Reducing greenhouse gas emissions. The President has pledged to make responding to the threat of climate change a high priority of his administration. He is confident that we can transition to a low-carbon economy while creating jobs and making the investment we need to emerge from the current recession and create a strong foundation for future growth. I share this vision. EPA will stand ready to help Congress craft strong, science-based climate legislation that fulfills the vision of the President. As Congress does its work, we will move ahead to comply with the Supreme Court’s decision recognizing EPA’s obligation to address climate change under the Clean Air Act.

Improving air quality. The nation continues to face serious air pollution challenges, with large areas of the country out of attainment with air-quality standards and many communities facing the threat of toxic air pollution. Science shows that people’s health is at stake. We will plug the gaps in our regulatory system as science and the law demand.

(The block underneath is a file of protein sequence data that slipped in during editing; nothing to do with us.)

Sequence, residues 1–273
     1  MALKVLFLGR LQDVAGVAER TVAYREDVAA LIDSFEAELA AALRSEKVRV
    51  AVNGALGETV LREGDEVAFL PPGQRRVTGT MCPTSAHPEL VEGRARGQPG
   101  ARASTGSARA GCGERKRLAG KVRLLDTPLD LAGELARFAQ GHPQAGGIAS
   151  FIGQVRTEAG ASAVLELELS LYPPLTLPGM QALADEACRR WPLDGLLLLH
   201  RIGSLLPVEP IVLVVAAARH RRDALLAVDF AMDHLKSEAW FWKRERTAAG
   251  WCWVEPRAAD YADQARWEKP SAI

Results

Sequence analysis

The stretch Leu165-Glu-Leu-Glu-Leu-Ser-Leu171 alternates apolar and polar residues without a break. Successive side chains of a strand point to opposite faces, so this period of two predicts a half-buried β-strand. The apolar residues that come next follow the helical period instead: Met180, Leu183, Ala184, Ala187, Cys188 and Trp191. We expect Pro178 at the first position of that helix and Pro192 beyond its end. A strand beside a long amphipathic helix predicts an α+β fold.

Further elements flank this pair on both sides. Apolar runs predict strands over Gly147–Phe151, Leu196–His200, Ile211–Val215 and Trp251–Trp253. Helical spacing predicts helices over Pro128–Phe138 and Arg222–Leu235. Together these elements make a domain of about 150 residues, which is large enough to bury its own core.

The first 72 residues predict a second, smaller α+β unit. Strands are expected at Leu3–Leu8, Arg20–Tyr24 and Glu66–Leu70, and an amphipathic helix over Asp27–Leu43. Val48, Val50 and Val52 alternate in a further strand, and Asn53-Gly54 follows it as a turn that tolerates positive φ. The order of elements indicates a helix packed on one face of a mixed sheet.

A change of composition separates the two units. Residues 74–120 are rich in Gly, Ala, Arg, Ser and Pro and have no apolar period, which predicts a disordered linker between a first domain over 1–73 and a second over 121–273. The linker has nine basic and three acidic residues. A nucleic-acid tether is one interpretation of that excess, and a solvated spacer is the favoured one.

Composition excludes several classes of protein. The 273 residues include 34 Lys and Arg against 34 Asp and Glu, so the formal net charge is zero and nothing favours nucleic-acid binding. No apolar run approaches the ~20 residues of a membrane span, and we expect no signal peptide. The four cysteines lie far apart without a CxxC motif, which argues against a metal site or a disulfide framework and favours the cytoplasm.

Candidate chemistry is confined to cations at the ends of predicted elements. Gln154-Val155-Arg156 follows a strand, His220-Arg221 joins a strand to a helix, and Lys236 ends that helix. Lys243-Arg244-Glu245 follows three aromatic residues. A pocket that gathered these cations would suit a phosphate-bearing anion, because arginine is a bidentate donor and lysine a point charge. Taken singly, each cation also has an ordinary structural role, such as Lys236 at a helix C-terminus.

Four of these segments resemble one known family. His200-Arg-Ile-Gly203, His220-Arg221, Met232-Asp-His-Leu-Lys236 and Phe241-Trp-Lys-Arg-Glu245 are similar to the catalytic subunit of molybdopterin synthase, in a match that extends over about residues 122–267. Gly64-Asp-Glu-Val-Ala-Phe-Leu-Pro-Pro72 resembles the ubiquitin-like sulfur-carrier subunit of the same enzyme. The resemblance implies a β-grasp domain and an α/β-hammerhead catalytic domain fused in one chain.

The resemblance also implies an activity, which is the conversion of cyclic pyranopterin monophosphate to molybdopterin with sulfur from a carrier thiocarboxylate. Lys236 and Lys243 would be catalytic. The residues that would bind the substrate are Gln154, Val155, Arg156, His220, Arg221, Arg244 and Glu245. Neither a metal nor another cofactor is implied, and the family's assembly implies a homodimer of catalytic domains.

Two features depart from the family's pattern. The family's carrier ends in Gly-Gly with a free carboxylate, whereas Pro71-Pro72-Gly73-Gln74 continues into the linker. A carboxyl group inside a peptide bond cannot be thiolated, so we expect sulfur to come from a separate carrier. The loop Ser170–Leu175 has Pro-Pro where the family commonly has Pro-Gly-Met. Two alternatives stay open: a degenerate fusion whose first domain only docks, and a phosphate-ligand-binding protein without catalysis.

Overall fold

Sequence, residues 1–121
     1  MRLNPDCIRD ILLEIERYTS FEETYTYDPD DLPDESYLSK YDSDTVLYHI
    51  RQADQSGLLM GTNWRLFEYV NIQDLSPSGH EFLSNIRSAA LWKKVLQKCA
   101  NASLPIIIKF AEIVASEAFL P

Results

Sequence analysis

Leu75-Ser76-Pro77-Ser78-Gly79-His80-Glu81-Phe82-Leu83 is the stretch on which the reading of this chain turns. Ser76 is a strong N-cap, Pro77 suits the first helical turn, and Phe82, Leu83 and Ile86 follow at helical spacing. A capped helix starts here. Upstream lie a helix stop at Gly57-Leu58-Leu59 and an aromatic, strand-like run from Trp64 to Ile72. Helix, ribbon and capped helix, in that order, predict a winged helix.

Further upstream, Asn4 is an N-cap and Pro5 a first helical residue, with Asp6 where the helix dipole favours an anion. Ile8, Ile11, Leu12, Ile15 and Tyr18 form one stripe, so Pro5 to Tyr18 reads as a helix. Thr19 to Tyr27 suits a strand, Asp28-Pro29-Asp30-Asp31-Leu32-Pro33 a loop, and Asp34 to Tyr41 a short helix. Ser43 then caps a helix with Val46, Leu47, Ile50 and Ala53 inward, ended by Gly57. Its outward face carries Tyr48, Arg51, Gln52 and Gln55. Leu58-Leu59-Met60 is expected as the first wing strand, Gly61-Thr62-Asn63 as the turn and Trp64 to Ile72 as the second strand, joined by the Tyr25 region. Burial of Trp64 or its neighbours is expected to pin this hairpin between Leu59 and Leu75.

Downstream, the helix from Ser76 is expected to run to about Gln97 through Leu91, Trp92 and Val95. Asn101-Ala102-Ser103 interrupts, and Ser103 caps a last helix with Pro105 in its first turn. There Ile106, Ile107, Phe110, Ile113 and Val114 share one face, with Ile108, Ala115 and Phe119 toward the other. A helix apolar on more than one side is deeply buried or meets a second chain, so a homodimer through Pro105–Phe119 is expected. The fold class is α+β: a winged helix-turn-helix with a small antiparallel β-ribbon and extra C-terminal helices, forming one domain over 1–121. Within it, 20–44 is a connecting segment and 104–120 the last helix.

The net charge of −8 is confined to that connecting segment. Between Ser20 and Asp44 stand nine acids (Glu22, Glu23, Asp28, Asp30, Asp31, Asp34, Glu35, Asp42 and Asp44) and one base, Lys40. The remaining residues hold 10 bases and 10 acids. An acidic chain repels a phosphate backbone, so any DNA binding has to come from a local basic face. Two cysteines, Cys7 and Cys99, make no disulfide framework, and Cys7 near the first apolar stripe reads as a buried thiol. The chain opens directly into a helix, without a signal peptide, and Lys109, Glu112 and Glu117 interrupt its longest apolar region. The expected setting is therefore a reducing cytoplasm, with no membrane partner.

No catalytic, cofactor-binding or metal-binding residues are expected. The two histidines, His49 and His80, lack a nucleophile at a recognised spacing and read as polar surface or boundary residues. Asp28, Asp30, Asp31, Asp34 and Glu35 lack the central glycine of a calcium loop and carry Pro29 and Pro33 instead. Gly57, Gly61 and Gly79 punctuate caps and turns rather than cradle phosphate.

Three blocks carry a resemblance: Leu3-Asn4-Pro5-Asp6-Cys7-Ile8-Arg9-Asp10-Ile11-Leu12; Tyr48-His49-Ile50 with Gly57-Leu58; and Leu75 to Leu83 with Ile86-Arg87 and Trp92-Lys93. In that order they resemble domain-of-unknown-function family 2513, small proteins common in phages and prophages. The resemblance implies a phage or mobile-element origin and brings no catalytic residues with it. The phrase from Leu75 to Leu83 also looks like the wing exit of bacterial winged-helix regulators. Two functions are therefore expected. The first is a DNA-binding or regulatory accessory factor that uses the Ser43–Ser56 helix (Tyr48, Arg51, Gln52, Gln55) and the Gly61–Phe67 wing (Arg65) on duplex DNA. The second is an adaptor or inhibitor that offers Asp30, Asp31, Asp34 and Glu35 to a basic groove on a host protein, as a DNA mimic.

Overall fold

Managing chemical risks. More than 30 years after Congress enacted the Toxic Substances Control Act, it is clear that we are not doing an adequate job of assessing and managing the risks of chemicals in consumer products, the workplace and the environment. It is now time to revise and strengthen EPA’s chemicals management and risk assessment programs.

Cleaning up hazardous-waste sites. EPA will strive to accelerate the pace of cleanup at the hundreds of contaminated sites across the country. Turning these blighted properties into productive parcels and reducing threats to human health and the environment means jobs and an investment in our land, our communities and our people.

Protecting America’s water. EPA will intensify our work to restore and protect the quality of the nation’s streams, rivers, lakes, bays, oceans and aquifers. The Agency will make robust use of our authority to restore threatened treasures such as the Great Lakes and the Chesapeake Bay, to address our neglected urban rivers, to strengthen drinking-water safety programs, and to reduce pollution from non-point and industrial dischargers.